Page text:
David Cameron spent over an hour in Todmorden this morning to see the results of last week’s devastating floods.
He said: “One’s sympathy just goes out to people who had their homes flooded and have seen so many treasured possessions destroyed. But what you see is an incredibly strong community come together with real purpose - very positive - to help each other.
“The Government stands by to help in any way we can.
“The council is doing a good job. We will fill in any gaps if that’s required.”
The Prime Minister added: “This is a beautiful area of our country and it’s absolutely open for business.”
Asked about insurance issues faced by residents, Mr Cameron said there were short-term hardship funds available.
“Longer term, we need another deal with the insurance companies so they do what it says on the tin - insurance, they provide people with cover against flooding.
“The Government is in discussion with them and we are going to have a robust discussion to make sure they have the cover that people deserve.”
Mr Cameron talked about investment in flood relief but said: “That will never protect everybody.
“There was a month’s rain that fell in 24 hours. You can’t protect against some of that but we’ll do everything we can.”
He visited Sarah-Jayne Robins whose home was damaged by the storms last Friday.
She was trapped upstairs for 12 hours when water overflowed from the nearby Rochdale Canal.
Miss Robins showed Mr Cameron around the sodden ground floor of her back-to-back home, which is on a road between the River Calder and the Rochdale Canal.
She said flood water poured in and she had no choice but to shelter upstairs with her 18-month-old miniature poodle, Pepper. Miss Robins, 31, said she had to stay there until almost lunchtime on Saturday.
She said: “My family said they’d try and rescue me but they just couldn’t get near. Everything downstairs is just wrecked.
“Now it’s just got to dry out. It’s devastating, really.”
Miss Robins, who has lived in the rented property for 18 months, told the Prime Minister she is struggling to find the £100 insurance excess she needs.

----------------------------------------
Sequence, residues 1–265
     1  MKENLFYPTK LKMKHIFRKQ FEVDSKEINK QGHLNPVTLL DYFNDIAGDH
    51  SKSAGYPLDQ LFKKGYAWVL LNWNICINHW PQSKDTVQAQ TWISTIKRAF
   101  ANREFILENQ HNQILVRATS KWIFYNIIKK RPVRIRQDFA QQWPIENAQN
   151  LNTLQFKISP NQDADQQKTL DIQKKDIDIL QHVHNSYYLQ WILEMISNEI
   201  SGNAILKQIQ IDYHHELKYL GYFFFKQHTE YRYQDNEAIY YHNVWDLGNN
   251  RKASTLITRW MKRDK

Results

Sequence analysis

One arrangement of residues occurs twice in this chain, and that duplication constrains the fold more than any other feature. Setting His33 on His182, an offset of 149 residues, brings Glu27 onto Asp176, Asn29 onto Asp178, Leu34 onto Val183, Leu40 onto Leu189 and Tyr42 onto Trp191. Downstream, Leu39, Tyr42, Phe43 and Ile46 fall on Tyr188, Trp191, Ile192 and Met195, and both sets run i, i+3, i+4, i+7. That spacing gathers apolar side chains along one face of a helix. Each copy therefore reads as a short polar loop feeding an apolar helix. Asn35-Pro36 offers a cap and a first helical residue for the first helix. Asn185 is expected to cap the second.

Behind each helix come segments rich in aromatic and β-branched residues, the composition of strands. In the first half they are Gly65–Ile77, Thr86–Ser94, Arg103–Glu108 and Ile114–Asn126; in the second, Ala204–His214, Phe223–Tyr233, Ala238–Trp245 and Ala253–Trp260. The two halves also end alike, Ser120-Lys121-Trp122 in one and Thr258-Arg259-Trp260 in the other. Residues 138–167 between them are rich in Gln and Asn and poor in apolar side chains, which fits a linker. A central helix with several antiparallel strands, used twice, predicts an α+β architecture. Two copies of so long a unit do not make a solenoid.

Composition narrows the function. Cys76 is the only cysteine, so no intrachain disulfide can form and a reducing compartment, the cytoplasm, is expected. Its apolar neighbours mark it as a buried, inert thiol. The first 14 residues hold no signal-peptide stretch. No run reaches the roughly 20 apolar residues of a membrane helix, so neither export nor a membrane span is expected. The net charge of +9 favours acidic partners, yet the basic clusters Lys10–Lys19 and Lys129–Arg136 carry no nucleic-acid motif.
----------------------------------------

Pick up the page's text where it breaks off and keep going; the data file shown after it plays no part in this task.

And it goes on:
The Prime Minister also met emergency services and representatives of Todmorden Community College and the Incredible Edible team.
As Mr Cameron was leaving the town hall Kathleen Simpson surprised him as he was getting into his car.
Ms Simpson asked the Prime Minister a number of animated questions about local issues, including the floods, as he stood on the pavement.
Mr Cameron was accompanied by Calder Valley Conservative MP Craig Whittaker.
As he left the town, the Environment Agency issued another alert about possible flooding of the River Calder in the Upper Calder Valley after warnings about possible heavy rain and thunderstorms across the Pennines.
There is no suggestion at this stage that the situation is anywhere near as serious as it was last Friday when torrential rain caused severe flooding in Mytholmroyd, Hebden Bridge and Todmorden.
But householders and businesses in low lying properties are being told to be on their guard.
The hillsides remain sodden and rivers and streams are at much higher levels than normal.
“The band of rain moving in from the southwest which will reach West Yorkshire around noon,” according to the Environment Agency.
“This may cause some surface water and fluvial flooding. The rain band will continue to move steadily northeast, clearing the area in the afternoon. Brearley Fields in Mytholmroyd are expected to flood. Centre Vale Park in Todmorden is not expected to flood because the river is not forecast to reach the required level.”
To find out if your property is at risk and to see if you are eligible for Floodline Direct Warnings, call 0845 988 1188 or visit www.environment-agency.gov.uk/flood.